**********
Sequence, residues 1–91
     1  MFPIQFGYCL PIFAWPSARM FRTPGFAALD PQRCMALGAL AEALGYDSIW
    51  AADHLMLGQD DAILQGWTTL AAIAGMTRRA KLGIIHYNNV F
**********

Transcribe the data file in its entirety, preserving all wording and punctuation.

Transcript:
Sequence, residues 1–91
     1  MFPIQFGYCL PIFAWPSARM FRTPGFAALD PQRCMALGAL AEALGYDSIW
    51  AADHLMLGQD DAILQGWTTL AAIAGMTRRA KLGIIHYNNV F